With climate scientists, the United Nations, and millions of #ClimateStrike protesters around the world demanding faster, deeper carbon cuts, the world’s colossal fossils are poised to increase their oil production by seven million barrels per day over the next 12 years, in a strategy to generate one last, big surge of profits and emissions before demand for their product collapses.
“If we were serious about addressing climate change we would leave some oil in the ground, so there is a scramble among big oil companies to make sure their assets are not the ones left stranded,” said Oxford University economist Dieter Helm. “Their answer is to pump as much as they can, while they still can, to keep delivering shareholder dividends. But the problem for the rest of us is that they are going to produce far more oil and gas than is consistent with the Paris Agreement.”
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“Rather than planning an orderly decline in production, they are doubling down and acting like there is no climate crisis,” agreed Oil Change International Senior Research Analyst Lorne Stockman. “This presents us with a simple choice: shut them down or face extreme climate disruption.”
Climate Accountability Institute researcher Richard Heede said the startling new trend would put human civilization at risk—and the companies themselves, as a result—unless they invested in renewable energy and balanced the new production back to net zero by mid-century. “No company that values its social licence to operate shall make a capital investment in new fossil fuel projects without offsetting or sequestering an equivalent amount of carbon dioxide so as to assure alignment with science-based targets to 1.5°C and net zero emissions by 2050,” he told The Guardin.
The new research commissioned by The Guardian from energy consultancy Rystad Energy shows epic climate denial funder ExxonMobil and British- and Dutch-based Shell as top fossil producers driving the increase. Shell has put considerable effort over the last year into spinning itself as a good climate citizen setting out to remake itself as the world’s leading electric power company by the early 2030s, but still devotes just 5% of its investment to new energy.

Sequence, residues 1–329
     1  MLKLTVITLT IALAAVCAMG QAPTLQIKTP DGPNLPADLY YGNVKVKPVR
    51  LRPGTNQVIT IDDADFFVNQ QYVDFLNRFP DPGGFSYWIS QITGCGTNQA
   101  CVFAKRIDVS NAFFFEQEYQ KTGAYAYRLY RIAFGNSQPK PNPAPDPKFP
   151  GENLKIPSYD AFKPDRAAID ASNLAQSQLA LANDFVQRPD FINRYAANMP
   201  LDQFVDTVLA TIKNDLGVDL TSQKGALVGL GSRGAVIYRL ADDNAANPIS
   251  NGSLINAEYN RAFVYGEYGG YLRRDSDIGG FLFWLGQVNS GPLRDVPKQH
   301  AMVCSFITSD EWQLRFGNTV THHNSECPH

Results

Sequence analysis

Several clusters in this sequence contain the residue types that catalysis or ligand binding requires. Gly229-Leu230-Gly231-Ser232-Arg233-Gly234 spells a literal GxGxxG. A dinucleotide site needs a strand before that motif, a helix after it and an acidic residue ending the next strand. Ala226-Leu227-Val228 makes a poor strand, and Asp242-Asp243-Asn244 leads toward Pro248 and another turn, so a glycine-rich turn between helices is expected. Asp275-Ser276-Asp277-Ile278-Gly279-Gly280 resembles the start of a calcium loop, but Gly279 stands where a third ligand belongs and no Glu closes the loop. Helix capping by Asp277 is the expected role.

The other leading culprits: state fossils Saudi Aramco, Gazprom, National Iranian Oil Company, and Rosneft. The United States dominates the emerging oil boom, with Canada placing a distant second.
“Shell and ExxonMobil will be among the leaders, with a projected production increase of more than 35% between 2018 and 2030—a sharper rise than over the previous 12 years,” The Guardian reports. “The acceleration is almost the opposite of the 45% reduction in carbon emissions by 2030 that scientists say is necessary to have any chance of holding global heating at a relatively safe level of 1.5°C.”
Rystad’s analysis “highlights how major players seem to be ignoring government promises, scientific alarms ,and a growing public outcry so they can pump more fossil fuels—and profits—out of the ground,” the UK-based paper adds. The Guardian published the new analysis as part of The Polluters, a news investigation of “the fossil fuel industry, and the structures behind it, which are driving the climate emergency”. Other blockbuster stories this week identify the 20 colossal fossils responsible for 35% of the world’s greenhouse gas emissions since 1965 and the “secretive national oil companies” that hold 90% of the world’s known oil reserves, trace the history of fossils’ climate denial back to the 1950s, and quote the companies’ reactions to the new data.
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